Hospital Tests

Hi All,

Been a long time since I posted, but still read regularly.

I am having a bit of a rough ride with my asthma at the moment and been undergoing various tests under my chest consultant.

The latest one that I have to go for (i can't remember the correct medical name) but its basically where they administer a histamine to breath in to induce bronchospasm.

Has anyone else had this test?? Would love to hear how you got on.

Thank you in advance.....a slightly anxious chickstar.

12 Replies

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  • Hiya chickstar

    Someone will correct me if im incorrect im sure-the test your referring to is called a bronchcial challenge and as you said you inhale a histamine which if your asthmatic would induce bronchospasm they then give you a brochodilator like ventolin and redo any spirometry tests. I have not had this done before but do very very vaguely remember studying it at university as part of my course.

    Please dont get yourself to worked

    up or anxious about it they will not let anything horrid happen to you it will all be carried out in controlled situation so if it does make you feel tight and wheezy etc they will give you medicines to relieve that.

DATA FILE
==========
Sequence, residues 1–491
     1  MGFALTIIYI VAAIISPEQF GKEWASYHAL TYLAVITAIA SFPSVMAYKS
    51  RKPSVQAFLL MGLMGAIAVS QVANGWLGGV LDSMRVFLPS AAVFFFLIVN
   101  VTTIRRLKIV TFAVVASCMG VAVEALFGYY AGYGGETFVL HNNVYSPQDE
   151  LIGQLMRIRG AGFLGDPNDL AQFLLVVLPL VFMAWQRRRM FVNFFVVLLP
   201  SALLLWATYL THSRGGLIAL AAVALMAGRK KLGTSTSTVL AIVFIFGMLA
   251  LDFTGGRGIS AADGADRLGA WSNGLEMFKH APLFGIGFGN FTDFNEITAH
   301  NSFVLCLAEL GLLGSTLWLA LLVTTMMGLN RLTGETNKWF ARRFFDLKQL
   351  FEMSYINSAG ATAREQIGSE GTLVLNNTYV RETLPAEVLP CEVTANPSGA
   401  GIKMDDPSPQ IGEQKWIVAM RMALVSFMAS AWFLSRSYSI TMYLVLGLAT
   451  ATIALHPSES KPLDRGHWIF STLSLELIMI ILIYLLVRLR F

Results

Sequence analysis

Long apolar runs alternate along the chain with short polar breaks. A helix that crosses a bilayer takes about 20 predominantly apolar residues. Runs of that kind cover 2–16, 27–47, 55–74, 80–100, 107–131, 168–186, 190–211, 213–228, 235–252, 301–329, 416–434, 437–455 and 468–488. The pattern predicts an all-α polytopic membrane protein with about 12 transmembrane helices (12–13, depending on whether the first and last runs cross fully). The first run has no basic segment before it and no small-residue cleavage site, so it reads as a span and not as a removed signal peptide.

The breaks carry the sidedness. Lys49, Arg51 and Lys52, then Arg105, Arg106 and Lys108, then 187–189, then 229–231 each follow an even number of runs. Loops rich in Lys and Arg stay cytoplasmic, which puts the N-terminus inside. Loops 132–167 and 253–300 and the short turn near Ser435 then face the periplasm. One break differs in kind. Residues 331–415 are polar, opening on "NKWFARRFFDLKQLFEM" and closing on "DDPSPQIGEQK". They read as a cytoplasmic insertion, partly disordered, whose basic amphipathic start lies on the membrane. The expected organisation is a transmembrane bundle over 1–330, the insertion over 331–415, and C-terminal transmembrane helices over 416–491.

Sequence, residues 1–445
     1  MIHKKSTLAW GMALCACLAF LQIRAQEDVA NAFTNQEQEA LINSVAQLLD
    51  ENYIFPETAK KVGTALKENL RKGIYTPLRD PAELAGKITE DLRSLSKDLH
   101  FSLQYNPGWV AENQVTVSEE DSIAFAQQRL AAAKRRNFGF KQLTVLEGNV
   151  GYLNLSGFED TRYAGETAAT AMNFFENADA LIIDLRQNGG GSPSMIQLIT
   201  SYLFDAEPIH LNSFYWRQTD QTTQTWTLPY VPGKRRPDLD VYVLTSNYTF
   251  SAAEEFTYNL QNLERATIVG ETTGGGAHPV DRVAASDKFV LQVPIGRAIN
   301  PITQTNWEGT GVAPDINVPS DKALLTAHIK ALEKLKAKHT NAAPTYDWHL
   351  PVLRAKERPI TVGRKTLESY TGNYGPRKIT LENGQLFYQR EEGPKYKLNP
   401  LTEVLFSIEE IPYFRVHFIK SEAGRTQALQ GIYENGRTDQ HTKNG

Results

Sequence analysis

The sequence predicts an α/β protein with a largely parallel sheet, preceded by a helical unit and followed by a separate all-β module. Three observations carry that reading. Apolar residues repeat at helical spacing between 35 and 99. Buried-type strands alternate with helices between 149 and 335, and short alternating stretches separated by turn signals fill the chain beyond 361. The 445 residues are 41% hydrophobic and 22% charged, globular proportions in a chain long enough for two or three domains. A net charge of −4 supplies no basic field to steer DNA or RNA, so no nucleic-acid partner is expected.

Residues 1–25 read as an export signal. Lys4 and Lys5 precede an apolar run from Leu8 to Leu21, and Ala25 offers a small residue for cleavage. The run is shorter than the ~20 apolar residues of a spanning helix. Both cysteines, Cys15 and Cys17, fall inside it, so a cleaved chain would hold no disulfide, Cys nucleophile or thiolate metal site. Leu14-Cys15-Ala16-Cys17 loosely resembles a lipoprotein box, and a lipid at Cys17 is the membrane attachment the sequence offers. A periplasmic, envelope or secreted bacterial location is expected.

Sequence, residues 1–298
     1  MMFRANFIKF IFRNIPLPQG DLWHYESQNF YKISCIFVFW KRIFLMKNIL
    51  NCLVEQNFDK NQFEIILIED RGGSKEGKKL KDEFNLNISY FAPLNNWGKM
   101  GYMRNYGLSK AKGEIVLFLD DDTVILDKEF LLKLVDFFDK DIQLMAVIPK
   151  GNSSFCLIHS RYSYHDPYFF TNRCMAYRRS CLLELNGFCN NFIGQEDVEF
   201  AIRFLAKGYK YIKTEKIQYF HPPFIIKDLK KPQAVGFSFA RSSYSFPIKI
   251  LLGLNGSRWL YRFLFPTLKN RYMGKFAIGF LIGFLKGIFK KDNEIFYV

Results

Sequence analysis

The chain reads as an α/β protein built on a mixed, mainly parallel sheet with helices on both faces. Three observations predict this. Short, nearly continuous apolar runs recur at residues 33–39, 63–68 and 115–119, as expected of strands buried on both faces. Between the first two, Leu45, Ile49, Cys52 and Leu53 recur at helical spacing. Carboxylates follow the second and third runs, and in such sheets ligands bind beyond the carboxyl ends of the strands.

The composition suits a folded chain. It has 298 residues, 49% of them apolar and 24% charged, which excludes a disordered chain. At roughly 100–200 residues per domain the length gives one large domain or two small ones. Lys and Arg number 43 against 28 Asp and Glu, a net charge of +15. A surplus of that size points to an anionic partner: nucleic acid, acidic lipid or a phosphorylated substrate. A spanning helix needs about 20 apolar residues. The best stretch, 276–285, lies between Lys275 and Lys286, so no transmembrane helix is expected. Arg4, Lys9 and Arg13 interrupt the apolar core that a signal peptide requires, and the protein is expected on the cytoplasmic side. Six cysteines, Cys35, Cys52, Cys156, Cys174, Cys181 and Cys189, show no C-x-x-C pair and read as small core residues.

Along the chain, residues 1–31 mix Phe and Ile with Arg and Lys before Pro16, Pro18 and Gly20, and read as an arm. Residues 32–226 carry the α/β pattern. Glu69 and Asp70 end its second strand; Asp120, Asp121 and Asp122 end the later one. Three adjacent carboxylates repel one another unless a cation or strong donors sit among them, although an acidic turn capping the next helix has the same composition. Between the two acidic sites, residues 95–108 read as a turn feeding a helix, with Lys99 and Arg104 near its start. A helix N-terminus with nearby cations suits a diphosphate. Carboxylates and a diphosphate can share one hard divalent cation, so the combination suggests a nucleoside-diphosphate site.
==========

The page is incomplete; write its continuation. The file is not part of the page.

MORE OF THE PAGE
Hopefully someone who has experienced the test first hand will come along soon and give you some reassurance but good luck and take care. Lotsa lv Xx

  • In addition to what Kit Kat has posted, the bronchial challenge test can also produce false positives and negatives. The test is used more I believe to rule out asthma as opposed to confirming it. Because of spirometry patterns etc it may help distinguish between different conditions like asthma and COPD.

    Like Kit Kat said, it will be conducted in a controlled enviroment, so please don't worry.

    Simi.

  • Grr- I must remember to copy my posts before clicking send...AUK had timed out, so I lost my response first time round! Here we go again! ;)

    Hey chickstar.